Yeah. I need some of my own grounding.

BetterCell said...

Kathy, the Health-care Providers that you are involved with appear to be inadequete/unprofessional(Jerks).
Thanks for sharing those photos.....they convey a sense of enduring Life, just like You.

Kevin said...

I am so sorry to hear about your relative. It must be very difficult for you and your family.

I love your determination and self-awareness to seek help when needed. Whether from a not so on top of things health psychologist, or from the little pieces of beauty outside your front door. All those little things can quickly add up to something that's quite nice and comforting, huh?

You've got a lot of reason to be here.

Scott K. Johnson said...

Sorry to hear about your loved one. It is so tough to watch.

I love the big mature trees here, right in the city. They almost form an canopy of beauty. And when you walk out there and can tune into all of the bird songs and other things, it can really connect you.

Great pictures.

Carey said...

Very sorry about your ill relative. Fuzzballs are underrated. Me being one of them. Looks like a lovely morning stroll you have.

MileMasterSarah said...

I love the grandmother tree!

Shannon said...

I too have a T1 relative who had gone through rough times with his health. I hope your relative pulls through somehow.

I tend to go to Lala Land myself in times of high stress. It helps me cope.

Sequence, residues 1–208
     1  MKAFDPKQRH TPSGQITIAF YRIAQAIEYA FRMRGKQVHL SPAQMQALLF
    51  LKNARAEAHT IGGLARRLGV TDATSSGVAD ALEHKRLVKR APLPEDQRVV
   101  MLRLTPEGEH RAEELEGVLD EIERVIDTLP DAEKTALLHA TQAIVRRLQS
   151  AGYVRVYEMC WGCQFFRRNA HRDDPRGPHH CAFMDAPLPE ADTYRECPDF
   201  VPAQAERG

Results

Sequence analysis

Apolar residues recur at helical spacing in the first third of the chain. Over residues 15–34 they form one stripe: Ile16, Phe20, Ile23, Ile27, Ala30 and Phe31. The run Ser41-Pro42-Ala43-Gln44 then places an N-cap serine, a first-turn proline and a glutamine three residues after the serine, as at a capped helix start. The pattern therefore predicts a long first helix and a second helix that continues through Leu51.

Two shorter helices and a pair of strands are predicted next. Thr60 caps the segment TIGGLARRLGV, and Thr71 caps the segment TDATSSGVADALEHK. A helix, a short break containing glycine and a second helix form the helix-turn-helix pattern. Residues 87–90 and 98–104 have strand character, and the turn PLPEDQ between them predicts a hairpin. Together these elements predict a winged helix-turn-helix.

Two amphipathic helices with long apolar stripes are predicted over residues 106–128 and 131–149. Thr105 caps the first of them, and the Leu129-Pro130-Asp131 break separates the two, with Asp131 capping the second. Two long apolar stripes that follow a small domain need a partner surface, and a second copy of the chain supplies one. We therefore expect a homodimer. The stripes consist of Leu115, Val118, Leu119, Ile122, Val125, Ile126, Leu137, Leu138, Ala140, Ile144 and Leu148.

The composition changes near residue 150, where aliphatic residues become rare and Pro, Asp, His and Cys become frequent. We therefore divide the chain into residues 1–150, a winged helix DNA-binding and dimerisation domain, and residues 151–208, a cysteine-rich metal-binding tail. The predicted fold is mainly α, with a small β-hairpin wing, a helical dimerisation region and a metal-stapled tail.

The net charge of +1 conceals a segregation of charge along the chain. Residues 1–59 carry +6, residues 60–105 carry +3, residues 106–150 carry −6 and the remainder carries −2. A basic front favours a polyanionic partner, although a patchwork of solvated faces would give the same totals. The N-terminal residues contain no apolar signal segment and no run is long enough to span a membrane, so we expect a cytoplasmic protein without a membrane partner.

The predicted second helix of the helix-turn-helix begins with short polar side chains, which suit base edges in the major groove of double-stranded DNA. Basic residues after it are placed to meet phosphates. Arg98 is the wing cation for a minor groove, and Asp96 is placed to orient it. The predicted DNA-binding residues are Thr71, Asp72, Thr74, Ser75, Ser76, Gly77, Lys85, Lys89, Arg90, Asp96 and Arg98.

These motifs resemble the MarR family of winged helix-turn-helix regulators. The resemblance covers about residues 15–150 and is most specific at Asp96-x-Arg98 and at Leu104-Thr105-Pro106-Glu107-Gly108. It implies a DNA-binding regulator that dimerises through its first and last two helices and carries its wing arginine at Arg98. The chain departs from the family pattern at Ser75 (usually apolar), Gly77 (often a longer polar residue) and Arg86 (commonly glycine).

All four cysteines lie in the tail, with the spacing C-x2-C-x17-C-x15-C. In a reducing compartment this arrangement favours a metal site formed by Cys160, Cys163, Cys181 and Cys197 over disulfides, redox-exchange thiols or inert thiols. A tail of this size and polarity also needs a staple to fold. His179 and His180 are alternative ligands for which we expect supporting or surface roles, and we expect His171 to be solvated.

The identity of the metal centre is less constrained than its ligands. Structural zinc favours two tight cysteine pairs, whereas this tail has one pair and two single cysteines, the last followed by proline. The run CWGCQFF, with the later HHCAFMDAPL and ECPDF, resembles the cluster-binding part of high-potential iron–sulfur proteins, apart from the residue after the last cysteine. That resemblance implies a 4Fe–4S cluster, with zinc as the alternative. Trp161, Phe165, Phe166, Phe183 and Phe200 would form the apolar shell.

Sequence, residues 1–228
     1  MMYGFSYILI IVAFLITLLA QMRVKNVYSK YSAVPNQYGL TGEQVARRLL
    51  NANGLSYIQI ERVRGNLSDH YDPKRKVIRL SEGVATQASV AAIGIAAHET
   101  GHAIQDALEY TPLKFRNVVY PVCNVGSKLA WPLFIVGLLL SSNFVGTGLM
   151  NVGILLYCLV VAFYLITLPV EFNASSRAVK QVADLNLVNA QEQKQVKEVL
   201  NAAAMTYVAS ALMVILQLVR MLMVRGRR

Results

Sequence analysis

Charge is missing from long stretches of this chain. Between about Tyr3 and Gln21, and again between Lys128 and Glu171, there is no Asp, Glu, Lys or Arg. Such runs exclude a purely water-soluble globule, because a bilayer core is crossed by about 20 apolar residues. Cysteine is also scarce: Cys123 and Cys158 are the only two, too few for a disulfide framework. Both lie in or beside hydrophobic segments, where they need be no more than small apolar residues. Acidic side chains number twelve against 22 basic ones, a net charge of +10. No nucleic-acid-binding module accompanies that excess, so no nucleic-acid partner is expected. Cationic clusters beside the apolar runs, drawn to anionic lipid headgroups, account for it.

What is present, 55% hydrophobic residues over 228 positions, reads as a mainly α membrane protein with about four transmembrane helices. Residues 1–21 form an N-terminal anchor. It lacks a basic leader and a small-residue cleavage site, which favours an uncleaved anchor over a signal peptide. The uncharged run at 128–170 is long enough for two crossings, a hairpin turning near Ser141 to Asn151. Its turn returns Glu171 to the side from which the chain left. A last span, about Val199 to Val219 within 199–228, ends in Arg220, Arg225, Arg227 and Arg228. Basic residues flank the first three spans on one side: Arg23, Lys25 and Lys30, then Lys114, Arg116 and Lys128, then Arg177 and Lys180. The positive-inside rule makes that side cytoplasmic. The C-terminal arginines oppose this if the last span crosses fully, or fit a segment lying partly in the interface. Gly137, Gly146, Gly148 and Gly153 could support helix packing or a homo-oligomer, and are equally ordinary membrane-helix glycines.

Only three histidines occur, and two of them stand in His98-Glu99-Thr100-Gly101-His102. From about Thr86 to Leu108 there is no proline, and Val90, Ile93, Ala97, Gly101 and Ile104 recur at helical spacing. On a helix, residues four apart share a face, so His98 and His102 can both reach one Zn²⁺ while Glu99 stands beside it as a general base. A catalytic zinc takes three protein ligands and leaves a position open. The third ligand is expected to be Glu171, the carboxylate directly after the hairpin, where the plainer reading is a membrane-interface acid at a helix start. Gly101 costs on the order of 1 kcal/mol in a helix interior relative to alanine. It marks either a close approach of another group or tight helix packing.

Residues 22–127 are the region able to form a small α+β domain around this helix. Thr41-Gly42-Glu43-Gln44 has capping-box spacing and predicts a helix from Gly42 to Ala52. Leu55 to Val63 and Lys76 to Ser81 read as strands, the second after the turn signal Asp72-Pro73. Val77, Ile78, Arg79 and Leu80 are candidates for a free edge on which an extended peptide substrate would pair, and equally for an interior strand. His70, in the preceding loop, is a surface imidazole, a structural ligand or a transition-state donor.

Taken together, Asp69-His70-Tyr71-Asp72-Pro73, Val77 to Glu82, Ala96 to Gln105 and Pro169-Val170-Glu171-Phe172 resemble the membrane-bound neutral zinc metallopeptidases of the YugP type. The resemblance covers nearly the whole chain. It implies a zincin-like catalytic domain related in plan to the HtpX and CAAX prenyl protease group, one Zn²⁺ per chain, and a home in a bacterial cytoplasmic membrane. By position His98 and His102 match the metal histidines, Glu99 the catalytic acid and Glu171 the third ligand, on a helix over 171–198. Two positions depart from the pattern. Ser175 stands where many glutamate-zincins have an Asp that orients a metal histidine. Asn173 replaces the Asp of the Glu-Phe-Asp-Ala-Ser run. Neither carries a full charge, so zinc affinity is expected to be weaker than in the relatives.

And I find nature to be so calming.

P.S. Thank you for the compliment :) I made my day with a nice giggle and a stroke to my ego :)

kitter said...

What a beautiful place.. thank you

Chrissie in Belgium said...

Kathy, i am catching up with my blogs. YES, of course I see the grandmother in the tree. I agree - a walk out in the woods, on a beach, through fields does wonders. Everyone knows that exercise makes us feel good but now they are even doing studies that show having unspoiled nature on our doorsteps improves the health of a community! For that matter so does patting dogs. Why do these things work, I don't know but they do. So does laughing. Read "Two Caravans" by Marina Lewycka. I just finished it. It is marvelous and I actually laughed out loud on practically every page. It is good to get your mind on to other things than diabetes. Perspectives get adjusted. All the stuff you see happening to other diabetics in your family - this is a horrible burden to bear. But what are your options? Make and figure out what choices are available to you. Change doctors, try a pump, change your diet.... Then you choose from the options. You make an active plan to try something. Sometimes I think just feeling that you have a choice in the whole thing give you strength. If you say, my plan is this, or I am going to try this, then you feel a teeny bit more in control and less stamped on by fate. Are you following me here? But only you can define your options and you have to choose your own plan. Nobody can do that for you. And Kathy usually what we are most scared of, is NOT what gets us! But I agree it is hard not worrying anyway.